Cookies have been around since the creation of the web. It’s a mechanism used by browsers to facilitate users’ navigation. In 2019, Google announced it would phase out third-party cookies in 2022 – aimed at tracking users’ navigation and following their footprints across the web – and then postponed the phaseout to 2024 as the world was still embarking on the new post-COVID-19 era. There are two types of cookies: 1st-party, the ones for which users proactively fill out a form with their names, the company they work for, their location, and level of education; and 3rd-party, which follows and tracks a user across the web and does not solicit their information but rather relies on a deceptively simple click to “Accept”. Third-party cookies have been the backbone of the ad tech industry during the last 10 years, anecdotally known as the “lost decade” in digital marketing.
Between 2012-2020, the Marketing strategy for any CMO was simple: allot 15% of the budget to display ads, buying loads of impressions with low yield, and backing it up with “lookalike audience models” bidding through the programmatic Ad industry. Taking these formulaic steps would allow them to claim “performance.” From the clicking activity on the ads, researchers estimate that 40% are derived from a bot, which increases the click-through rate and presumably reach and performance, but hardly proves any real-life efficiency. Known as “vanity metrics”, these were used more by CMOs to justify spending on PowerPoint presentations to their boards, when, in fact, online conversions were growing across the spectrum, given global digital penetration as opposed to a specific attribution model created on an ad agency trading desk.
Advertisers globally have spent billions of dollars relying on 3rd-party cookies-based models to find lookalike audiences, as well as consumers from the same profile group who once visited their sites, with the hope of lowering acquisition costs and achieving conversions. With that, creative attribution models came to life to justify the possibility that the money was being spent efficiently. At the end of the day, 3rd-party cookies were dictating ad expenditure, with little basis or audit, since any ad tech or agency could manufacture a model to suit their needs, thus complying with whatever attribution an advertiser sought. The ad tech industry was dependent on this model for a decade without any significant innovation that moved the needle.
The industry can be described through the analogy that Google is a large elephant with hundreds of thousands of little ants walking by its side. If this elephant decides to take a different path, it can crush the tiny ants without even realizing it’s doing so. The ants, in this case, would be the hundreds of ad tech companies and media agencies formed on the back of third-party cookies, who sat in their comfort zones until Google announced the end of the party.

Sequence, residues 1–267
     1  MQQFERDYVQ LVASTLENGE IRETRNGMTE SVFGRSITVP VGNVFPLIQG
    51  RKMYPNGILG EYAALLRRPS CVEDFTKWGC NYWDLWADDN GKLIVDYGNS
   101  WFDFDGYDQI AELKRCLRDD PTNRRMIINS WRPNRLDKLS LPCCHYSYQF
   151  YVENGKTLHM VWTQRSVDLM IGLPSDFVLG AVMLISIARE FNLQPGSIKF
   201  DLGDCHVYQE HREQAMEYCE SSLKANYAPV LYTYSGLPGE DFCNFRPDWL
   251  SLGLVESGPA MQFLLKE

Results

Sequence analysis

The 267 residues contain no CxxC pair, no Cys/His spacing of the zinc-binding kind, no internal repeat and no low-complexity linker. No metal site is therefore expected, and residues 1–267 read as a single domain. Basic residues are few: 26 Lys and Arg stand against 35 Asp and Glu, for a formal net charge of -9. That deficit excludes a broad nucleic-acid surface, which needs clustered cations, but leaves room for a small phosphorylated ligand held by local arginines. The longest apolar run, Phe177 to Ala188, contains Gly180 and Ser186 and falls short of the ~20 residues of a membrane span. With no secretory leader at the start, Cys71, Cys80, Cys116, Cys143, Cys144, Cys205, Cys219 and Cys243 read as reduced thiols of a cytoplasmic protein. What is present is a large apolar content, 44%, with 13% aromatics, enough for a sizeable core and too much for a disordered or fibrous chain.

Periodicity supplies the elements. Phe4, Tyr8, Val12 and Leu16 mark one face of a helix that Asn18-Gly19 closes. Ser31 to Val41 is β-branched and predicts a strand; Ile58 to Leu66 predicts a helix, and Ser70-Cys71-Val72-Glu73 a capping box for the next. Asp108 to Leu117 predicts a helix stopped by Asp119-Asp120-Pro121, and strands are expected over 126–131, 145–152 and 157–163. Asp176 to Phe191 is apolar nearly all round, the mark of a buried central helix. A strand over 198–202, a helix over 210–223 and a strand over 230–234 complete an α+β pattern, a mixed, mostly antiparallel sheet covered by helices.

The “big elephant” controls over 65% of the browser market globally, and was joined by Safari (with an 18% market share) when they decreed they would no longer allow tracking of users by 3rd-party cookies in 2020. The ants are now in a perilous situation, rapidly pivoting from the “digital era” when they banked billions from programmatic ads during a lost decade, to a new direction that can hopefully prevent their extinction. So, in this uncharted territory, where do they go from here?
Display ads are a $140 billion industry in America (nearly 3x the once-mighty-TV), and are expected to account for $219 billion by 2026, losing steam from double-digit growth YoY the last 10 years to single-digit growth (accordingly to eMarketer). The fact is, it should slow down, as advertisers will look for fewer display channels, more human interaction efficiency, content-driven ads and experiences, and real-life conversions instead of vanity metrics.
Anyone who sits on 1st-party data, such as consumers’ names, emails, and personal and professional attributes, is in a great position. They will be able to advertise directly to their audiences without relying on convoluted models to find audiences that look similar to the ones they intend to target. It makes the ad more efficient, with fewer bots, less model-centric, and more transparent. It will drive more conversions, period.
According to a Pew Research Center survey, 86% of Americans consume news online, and over 92% consume video content. This means that media companies, which used to rely heavily on programmatic ad revenue from ad exchanges over the last decade, will now own the narrative. 1st-party data requires a person’s intention to provide their data, is less abundant than 3rd-party, which can be multiplied by billions of lines using spreadsheets models and doesn’t ask for much permission to collect. 1st-party employs user self-input data and therefore is scarcer. In a world where consumers are used to registering on sites to consume media content, whoever can offer quality content and do so natively wins.
Advertisers will look for channels where users spend their time-consuming content and seek companies offering a 1st-party audience. Eventually, this will increase CPMs, as quality content and branded experiences are not commoditized, and ad inventory is limited. Advertisers are willing to pay the price for conversions. In the end, it’s better to have 10 clients with a $20K lifetime value than 1,000 with a $2 value.
Who wins in a cookieless world? Whoever carries quality content, holds 1st-party data wisely, and delivers actual results to their advertisers. The vanity metric days are over.
* Kaio Philipe is a media entrepreneur and executive who has worked for Google, Baidu, Kayak, and Bloomberg. Launching, operating, and expanding digital multi-platforms around the world.
This post was last modified on April 12, 2023 7:02 pm
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